In what appears to be the near future, but could just as well be the cutting-edge present, twenty something Jenny (Elizabeth Morris) finds that her job application has been successful. It’s a funny old rôle, the one for which she’s applied. It’s all in a bunker beneath Los Angeles, for one thing. And for another, you’re thrown in at the deep end with only an AI to tell you what you’re supposed to be doing. The job itself involves acting as a sort of overseer for a small group of gifted children involved in a radical new learning programme that makes use of a Google Glass-like technology. The children are busy on their Google Glass literally all the time – dang Millennials! – so she’s mostly just there in case something goes wrong. There are two other successful applicants: Darby is arbitrarily surly at all times, like a particularly edgy teenager, and uses an undercut to signify that edge. Antigone, who prefers to go by “Tiggs” for reasons that should be fathomable to anyone, is considerably nicer. She is in fact so nice to Jenny that one senses some lesbian undertones to their relationship, but it is only ever hinted at and never comes to anything. In that respect it is a little like the inconsequential, yet suggestive sexual history writer Dan O’Bannon envisaged between Ripley and Lambert in Alien, which seems to have been lost in translation from script to screen. After Jenny, Darby and Diggs, there is only one other human left to round out the cast list before it gets into the likes of “Telephone Caller”, “Newsroom Anchor”, and so on: a little girl named Cassandra, played by Isabelle Allen, who was the face of Les Misérables four years ago, and is now the face of Let’s Be Evil’s similarly striking poster. Cassandra is only one of several gifted “Candidates”, but she’s the only one with any lines. Apart from her, there’s also ARIAL, the aforementioned AI. It is inevitable that she will invite comparisons to HAL 9000 as well as the iPhone assistant Siri; that said, despite all the Google-baiting the film engages in, she more closely resembles Connie, AOL’s old advertising mascot.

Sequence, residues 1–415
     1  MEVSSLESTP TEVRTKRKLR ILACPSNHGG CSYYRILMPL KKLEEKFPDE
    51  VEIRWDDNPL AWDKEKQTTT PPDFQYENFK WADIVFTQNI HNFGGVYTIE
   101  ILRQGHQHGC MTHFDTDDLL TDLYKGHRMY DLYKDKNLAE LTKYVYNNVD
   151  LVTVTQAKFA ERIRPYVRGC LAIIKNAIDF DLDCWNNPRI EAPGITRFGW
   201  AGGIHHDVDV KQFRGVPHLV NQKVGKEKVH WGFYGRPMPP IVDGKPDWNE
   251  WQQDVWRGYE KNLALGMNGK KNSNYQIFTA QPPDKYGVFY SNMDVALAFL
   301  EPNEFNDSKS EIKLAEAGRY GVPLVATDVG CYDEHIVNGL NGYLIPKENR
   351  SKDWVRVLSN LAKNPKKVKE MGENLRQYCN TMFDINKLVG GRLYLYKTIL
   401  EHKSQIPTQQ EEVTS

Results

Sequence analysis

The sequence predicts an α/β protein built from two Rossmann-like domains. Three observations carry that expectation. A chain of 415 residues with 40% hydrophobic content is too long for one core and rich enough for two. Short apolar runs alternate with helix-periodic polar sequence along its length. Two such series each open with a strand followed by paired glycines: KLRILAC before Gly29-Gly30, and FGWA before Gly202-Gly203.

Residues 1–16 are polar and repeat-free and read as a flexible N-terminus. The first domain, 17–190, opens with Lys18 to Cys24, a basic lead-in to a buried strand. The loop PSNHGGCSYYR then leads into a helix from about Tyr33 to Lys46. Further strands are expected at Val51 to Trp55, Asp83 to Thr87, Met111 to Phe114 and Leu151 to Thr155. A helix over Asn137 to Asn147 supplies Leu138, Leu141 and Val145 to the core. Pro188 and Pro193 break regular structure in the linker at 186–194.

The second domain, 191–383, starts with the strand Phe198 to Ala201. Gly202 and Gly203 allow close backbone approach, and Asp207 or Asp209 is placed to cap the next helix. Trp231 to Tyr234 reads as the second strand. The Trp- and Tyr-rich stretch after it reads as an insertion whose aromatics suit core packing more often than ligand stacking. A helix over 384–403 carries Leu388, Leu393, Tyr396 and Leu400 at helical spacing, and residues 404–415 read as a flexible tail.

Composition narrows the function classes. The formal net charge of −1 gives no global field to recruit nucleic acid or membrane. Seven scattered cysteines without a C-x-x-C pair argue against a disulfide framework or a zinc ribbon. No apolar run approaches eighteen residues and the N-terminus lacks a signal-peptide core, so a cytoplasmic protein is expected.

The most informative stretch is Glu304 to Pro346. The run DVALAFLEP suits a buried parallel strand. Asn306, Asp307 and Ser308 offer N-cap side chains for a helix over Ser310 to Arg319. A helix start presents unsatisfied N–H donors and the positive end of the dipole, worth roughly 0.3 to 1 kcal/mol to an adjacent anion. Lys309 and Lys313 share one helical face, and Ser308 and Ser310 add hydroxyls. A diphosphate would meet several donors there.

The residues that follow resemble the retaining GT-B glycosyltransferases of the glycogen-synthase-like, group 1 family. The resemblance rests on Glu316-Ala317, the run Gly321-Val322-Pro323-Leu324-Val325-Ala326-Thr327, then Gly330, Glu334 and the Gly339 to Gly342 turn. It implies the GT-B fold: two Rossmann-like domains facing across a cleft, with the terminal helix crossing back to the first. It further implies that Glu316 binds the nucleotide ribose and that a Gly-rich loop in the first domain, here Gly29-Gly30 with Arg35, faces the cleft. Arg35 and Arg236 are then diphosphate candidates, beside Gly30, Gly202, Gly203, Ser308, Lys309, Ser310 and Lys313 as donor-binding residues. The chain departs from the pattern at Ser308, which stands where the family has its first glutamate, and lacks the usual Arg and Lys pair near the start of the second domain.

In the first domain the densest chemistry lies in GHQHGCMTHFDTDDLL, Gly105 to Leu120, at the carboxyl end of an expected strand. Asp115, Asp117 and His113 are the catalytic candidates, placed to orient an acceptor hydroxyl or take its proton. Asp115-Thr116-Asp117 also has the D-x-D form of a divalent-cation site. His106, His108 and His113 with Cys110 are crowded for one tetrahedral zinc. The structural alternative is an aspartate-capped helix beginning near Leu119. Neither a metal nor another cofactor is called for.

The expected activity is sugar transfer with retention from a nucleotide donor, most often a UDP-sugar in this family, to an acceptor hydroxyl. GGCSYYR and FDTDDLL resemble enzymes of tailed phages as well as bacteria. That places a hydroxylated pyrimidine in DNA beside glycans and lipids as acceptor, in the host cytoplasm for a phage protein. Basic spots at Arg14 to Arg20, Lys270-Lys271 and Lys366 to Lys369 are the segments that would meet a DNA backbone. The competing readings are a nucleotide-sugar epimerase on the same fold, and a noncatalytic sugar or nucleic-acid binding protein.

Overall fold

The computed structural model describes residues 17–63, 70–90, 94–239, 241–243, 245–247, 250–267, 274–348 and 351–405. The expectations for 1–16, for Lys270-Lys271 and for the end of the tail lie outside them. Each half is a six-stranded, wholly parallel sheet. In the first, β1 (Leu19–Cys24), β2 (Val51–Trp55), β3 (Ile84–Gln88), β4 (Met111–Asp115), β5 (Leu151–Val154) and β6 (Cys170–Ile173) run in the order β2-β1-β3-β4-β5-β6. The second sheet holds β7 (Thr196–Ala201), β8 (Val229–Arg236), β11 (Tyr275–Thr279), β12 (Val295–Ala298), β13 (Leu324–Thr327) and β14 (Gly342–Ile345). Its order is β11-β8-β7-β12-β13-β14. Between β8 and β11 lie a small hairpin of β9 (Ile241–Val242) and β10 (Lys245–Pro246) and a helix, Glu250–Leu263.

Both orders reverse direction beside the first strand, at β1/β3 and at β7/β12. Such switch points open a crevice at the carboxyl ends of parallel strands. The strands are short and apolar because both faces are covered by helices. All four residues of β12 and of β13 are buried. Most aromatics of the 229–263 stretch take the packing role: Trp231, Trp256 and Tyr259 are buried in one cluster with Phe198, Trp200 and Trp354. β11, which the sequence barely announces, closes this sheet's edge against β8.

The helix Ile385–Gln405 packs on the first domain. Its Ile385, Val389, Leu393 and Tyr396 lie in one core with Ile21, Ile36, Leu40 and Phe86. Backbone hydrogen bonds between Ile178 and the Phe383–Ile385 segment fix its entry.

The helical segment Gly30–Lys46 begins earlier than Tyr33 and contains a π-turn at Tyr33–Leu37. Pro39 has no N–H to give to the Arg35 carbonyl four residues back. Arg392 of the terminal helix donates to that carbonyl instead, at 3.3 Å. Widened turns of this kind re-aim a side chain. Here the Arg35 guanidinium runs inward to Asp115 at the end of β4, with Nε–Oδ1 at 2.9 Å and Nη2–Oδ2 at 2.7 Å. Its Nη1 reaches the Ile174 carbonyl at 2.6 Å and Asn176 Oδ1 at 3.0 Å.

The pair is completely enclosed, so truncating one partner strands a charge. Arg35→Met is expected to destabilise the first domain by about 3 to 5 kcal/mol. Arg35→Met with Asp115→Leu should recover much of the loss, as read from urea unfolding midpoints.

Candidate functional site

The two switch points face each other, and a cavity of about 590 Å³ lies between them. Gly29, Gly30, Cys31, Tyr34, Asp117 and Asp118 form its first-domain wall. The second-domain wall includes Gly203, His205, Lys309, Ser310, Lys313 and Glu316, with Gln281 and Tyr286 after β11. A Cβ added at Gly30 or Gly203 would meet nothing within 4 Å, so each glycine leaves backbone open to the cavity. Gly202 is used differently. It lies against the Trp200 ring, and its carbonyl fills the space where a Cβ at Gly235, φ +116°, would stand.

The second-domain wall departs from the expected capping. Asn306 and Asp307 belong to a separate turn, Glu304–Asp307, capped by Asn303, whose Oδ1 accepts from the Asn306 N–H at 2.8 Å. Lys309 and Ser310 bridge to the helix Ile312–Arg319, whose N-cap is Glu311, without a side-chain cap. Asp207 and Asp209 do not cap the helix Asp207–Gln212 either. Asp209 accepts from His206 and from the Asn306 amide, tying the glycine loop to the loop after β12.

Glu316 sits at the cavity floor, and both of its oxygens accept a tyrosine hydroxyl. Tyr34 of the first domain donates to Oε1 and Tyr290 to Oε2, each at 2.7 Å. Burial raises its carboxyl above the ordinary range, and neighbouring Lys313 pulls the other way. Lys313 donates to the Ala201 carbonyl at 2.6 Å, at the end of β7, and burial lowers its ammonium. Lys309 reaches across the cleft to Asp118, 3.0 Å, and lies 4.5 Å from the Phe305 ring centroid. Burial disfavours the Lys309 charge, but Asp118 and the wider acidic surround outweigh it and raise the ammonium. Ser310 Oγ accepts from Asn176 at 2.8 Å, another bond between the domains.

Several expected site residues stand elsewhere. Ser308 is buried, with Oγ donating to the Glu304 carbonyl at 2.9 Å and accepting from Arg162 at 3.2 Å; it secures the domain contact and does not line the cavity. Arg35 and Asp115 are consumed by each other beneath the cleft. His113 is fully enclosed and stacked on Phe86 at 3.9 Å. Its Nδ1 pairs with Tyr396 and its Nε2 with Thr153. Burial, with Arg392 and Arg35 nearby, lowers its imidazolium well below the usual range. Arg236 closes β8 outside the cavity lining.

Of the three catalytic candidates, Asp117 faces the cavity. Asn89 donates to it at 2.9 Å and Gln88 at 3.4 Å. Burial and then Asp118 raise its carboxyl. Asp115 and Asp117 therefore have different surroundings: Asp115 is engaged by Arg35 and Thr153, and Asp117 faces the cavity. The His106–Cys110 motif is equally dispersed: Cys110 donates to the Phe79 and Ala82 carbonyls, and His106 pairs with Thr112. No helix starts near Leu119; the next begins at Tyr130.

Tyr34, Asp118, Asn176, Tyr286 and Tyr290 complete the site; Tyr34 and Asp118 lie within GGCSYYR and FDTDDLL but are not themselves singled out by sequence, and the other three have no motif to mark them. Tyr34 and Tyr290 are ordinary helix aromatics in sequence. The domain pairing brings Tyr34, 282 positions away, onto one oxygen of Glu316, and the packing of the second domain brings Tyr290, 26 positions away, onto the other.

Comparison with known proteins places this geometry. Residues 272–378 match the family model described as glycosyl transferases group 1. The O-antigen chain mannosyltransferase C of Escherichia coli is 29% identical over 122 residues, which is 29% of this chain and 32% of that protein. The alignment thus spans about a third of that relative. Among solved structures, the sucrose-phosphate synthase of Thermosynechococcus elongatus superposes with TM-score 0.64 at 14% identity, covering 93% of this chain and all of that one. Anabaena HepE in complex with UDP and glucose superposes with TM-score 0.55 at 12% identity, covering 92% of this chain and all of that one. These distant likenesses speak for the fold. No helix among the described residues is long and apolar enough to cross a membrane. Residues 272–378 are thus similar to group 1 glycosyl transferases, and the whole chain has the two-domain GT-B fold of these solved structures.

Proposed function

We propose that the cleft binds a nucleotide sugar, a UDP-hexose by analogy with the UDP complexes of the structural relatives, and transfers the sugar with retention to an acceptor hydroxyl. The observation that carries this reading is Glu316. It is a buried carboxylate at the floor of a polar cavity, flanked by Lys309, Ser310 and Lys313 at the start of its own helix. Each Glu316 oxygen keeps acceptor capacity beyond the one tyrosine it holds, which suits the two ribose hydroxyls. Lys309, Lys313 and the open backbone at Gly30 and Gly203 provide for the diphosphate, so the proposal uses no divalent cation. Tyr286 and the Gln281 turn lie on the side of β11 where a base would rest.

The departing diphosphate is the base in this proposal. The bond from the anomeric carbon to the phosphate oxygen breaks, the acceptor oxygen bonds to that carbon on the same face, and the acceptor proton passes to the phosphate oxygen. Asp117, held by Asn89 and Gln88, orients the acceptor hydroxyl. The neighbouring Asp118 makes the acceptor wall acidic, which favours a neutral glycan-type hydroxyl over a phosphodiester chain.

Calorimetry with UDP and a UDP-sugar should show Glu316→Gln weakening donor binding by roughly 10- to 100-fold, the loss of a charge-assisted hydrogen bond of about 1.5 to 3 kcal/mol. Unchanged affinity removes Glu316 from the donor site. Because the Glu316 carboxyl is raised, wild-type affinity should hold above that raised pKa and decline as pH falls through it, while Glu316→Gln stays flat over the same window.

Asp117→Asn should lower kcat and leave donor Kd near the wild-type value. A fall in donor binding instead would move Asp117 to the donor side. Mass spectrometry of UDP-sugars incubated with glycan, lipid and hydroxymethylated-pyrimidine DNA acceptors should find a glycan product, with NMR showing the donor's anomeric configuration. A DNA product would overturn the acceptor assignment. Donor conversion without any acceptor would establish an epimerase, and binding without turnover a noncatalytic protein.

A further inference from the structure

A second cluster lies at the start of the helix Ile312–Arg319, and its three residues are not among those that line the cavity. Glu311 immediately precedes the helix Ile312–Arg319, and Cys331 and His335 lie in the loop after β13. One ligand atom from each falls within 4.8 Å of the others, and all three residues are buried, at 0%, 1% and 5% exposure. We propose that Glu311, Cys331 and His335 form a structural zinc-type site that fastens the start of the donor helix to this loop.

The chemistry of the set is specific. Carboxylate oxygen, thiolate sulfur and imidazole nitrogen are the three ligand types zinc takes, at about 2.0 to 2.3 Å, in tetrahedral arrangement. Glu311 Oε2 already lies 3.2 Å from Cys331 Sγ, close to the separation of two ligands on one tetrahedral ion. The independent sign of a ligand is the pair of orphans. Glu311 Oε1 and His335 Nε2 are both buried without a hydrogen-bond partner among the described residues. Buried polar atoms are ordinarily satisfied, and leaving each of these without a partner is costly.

Perhaps that’s telling in terms of how up-to-date the film’s thinking about technology is. The first half comes on like classic sci-fi: it is timely, it is imaginative, and it extrapolates from current technological trends to produce a quite unnerving picture of where we might be headed. But once things have inevitably turned bad and we slide into the horror-movie second half, it begins to become clear that the film doesn’t really have anything to say, on Google Glass or the proper approach to education or generationally differing attitudes towards technology. Despite all its social-commentary posturing, it eventually emerges as a film as old-fashioned as Village of the Damned, from which its creepy children are freely acknowledged to have been borrowed.
But for those who don’t necessarily need anything wholly original from their movies, this one is worth its while. The ultra-low budget is cleverly disguised through use of a great location (Essex’s secret nuclear bunker), clever lighting, and interesting production design. The film is shot from a first-person perspective, which has proven an irritating distraction in such past efforts as You Are Not Alone and Jeruzalem, in which Google Glass was only documenting the horror, not the source of it. Here, it is handled as effortlessly as it is in Peep Show, though the use of on-screen text prompts from the technology in question perhaps helps. In any case, it is a reminder that no gimmick is truly unworkable in the hands of a talented director and crew, and in spite of a muddled plot and more muddled ending, everyone involved here does their best to make Let’s Be Evil a blast, if a little shallow; a great-looking, great-sounding, solidly acted, and bloody scary little pic.
Let’s Be Evil is now out in Cinemas and VOD, will you be checking it out? Let us know in the comment box below!